Ecology Terminologies


Synthesis of Ecology

Ecology – study of relationships between living organisms and their natural environment. Includes: life
processes,. The term “ecology” – coined by the German biologist Ernst Haeckel, zoologist, artist, writer.

Applications of ecology: Conservation biology, wetland management, natural resource management
(agriculture, forestry, agro-forestry, fisheries), city planning, community health, economics, basic and
applied science.

BRANCHES:
1) Community ecology – study of the interactions among species in the same geographic area. Ex:
community connections between plants and the decomposers (e.g., fungi and bacteria); or the
predator-prey dynamics in amphibian biomass.

2) Behavioural ecology – the study of an organism’s behavior in its environment and its ecological
and evolutionary implications. Ethology is the study of observable movement or behavior in
animals. Closely related to – Social ecology – the study of social behaviors among and between
species; such as altruism.

3) Ecosystem ecology – Ecosystems are habitats within biomes that form an integrated whole, with
both physical and biological complexes. Categorized as terrestrial, freshwater, atmospheric, or
marine. Recent addition – techno-ecosystems, which are affected by or primarily the result of
human activity.

> Ecosystems – organisms, the communities, environment.

4) Human ecology – an interdisciplinary study into the ecology of our species. “Human ecology
may be defined: (1) bio-ecological standpoint – study of man as the ecological dominant in plant
and animal communities and systems; (2) bio-logical standpoint – simply another animal
affecting and being affected by his physical environment; and (3)human standpoint – able to
interact and affect ecological environments in a distinctive and creative way.

5) Metapopulation ecology – study of movement of populations. Migrating organism – emigrants
(when they leave a region) or immigrants (when they enter a region). A site – places where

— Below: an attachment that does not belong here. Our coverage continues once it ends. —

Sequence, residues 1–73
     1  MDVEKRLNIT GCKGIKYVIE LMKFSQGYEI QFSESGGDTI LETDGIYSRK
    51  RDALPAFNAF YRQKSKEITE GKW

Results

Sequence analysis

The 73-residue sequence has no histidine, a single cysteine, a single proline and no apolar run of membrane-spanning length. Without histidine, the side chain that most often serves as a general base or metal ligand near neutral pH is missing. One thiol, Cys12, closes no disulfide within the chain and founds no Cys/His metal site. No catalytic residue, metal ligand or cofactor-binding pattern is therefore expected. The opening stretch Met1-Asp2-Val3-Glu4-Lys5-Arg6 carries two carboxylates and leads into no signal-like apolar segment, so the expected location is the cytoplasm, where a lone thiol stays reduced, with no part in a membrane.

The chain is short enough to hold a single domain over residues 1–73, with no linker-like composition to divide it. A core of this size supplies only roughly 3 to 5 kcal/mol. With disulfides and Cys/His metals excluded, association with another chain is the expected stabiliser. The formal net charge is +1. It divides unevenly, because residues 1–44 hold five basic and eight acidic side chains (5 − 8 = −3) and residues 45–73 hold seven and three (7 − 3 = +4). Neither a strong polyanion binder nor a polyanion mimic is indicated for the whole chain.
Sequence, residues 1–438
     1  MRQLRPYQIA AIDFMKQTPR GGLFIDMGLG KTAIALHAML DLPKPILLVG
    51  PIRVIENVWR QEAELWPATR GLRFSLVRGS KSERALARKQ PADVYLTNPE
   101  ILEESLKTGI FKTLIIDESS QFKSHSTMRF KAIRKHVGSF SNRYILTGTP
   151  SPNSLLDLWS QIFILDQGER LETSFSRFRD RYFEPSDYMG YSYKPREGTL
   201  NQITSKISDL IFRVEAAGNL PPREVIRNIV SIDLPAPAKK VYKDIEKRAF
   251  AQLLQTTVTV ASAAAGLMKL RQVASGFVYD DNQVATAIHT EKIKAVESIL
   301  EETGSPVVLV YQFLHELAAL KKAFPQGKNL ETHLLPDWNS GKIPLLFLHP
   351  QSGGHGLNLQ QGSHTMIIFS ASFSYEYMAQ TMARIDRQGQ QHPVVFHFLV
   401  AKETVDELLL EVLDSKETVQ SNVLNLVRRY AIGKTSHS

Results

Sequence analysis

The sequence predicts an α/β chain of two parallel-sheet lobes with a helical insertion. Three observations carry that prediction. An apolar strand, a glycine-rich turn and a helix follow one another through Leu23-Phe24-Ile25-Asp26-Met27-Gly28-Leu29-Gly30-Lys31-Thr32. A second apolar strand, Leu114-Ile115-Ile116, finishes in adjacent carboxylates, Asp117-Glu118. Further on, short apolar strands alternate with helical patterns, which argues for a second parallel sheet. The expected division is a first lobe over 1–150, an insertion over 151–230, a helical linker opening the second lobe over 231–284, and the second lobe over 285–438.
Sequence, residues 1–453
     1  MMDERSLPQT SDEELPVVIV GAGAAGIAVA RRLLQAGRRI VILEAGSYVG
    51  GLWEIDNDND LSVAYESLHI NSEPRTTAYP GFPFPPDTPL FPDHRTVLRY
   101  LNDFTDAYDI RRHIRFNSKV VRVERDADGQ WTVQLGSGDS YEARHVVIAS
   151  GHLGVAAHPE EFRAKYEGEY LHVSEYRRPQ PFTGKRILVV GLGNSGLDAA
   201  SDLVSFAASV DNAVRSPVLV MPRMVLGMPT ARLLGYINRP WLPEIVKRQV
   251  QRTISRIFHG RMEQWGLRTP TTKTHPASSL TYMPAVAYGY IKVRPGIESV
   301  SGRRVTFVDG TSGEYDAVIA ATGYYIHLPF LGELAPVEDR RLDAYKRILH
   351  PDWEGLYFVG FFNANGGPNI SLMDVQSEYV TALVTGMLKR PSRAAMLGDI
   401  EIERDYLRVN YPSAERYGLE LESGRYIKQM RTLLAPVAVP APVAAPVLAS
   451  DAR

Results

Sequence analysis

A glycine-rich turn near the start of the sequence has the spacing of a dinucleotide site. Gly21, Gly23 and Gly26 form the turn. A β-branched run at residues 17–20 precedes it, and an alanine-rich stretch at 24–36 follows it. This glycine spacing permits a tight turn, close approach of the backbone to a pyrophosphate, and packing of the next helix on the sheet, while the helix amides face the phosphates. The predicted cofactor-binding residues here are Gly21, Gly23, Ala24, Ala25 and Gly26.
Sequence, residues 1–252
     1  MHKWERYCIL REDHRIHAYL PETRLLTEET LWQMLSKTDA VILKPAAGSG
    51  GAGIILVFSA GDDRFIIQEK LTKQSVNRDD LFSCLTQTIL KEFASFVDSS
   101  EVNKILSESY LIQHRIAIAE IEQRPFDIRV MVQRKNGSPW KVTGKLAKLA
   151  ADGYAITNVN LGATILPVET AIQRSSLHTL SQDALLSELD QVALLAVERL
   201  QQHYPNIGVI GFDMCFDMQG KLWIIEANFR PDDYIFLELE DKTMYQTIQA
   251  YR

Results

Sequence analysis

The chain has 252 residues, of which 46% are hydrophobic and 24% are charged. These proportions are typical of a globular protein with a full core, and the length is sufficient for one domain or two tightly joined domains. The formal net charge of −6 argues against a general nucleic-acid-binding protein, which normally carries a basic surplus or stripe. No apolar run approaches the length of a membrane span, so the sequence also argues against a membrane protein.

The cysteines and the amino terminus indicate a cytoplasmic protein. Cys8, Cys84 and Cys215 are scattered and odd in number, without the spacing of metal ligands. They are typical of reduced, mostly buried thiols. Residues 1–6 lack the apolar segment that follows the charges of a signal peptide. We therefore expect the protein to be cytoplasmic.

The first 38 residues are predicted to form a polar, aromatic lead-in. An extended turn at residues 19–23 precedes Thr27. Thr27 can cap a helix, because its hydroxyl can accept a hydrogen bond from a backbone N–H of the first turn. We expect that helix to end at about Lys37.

ecologists sample populations, such as a pond or part of a forest. Sources – productive sites that
are a source of emigrants;

6) Molecular ecology – study of the relationship between ecology and genetic inheritance.

7) Population ecology – studies the dynamics of species populations and how these populations
interact with the environment. A population consists of individuals of the same species that live,
interact and migrate through the same niche and habitat.

Holism – a school of thought which emphasizes that an ecosystem cannot be predicted or understood by a
simple summation of the parts. Ecological studies are holistic as opposed to reductionistic.

Relation to evolution – Ecology and evolution are considered sister disciplines. Natural selection, life
history, development, adaptation, populations, and inheritance are all in ecological and evolutionary
theory. There is no sharp boundary.

Sinks are unproductive sites that only receive immigrants.

N A T U R E

The Earth:

(1) Atmosphere (air) – it contains the oxygen we breathe and protects the earth from radiation;

(2) Lithosphere (land) – which includes the crust and uppermost mantle;

(3) Hydrosphere (water) – is made up of the water elements on the earth;

(4) Biosphere – the part of the earth where plants and animals live.

Environment – includes the physical world, the social world of human relations and the built world of
human creation. The term “environment” has different conceptual meanings and overlaps with the
concept of “nature. The environment of ecosystems includes both physical and biotic attributes.

The physical environment is external – abiotic factors such as temperature, radiation, light, chemistry,